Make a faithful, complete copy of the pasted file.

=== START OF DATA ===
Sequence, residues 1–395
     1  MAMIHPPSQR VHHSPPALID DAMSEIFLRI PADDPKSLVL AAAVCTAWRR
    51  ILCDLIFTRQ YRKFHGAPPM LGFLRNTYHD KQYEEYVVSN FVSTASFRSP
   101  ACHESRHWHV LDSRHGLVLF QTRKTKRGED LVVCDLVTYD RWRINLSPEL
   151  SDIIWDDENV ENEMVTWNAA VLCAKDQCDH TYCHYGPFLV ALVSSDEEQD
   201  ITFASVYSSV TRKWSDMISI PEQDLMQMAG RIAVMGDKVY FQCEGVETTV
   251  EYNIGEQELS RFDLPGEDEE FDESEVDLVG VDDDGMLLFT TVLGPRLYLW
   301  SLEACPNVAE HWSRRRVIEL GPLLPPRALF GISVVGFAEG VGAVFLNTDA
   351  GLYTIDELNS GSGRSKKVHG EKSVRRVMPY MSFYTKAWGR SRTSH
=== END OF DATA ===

Sequence, residues 1–395
     1  MAMIHPPSQR VHHSPPALID DAMSEIFLRI PADDPKSLVL AAAVCTAWRR
    51  ILCDLIFTRQ YRKFHGAPPM LGFLRNTYHD KQYEEYVVSN FVSTASFRSP
   101  ACHESRHWHV LDSRHGLVLF QTRKTKRGED LVVCDLVTYD RWRINLSPEL
   151  SDIIWDDENV ENEMVTWNAA VLCAKDQCDH TYCHYGPFLV ALVSSDEEQD
   201  ITFASVYSSV TRKWSDMISI PEQDLMQMAG RIAVMGDKVY FQCEGVETTV
   251  EYNIGEQELS RFDLPGEDEE FDESEVDLVG VDDDGMLLFT TVLGPRLYLW
   301  SLEACPNVAE HWSRRRVIEL GPLLPPRALF GISVVGFAEG VGAVFLNTDA
   351  GLYTIDELNS GSGRSKKVHG EKSVRRVMPY MSFYTKAWGR SRTSH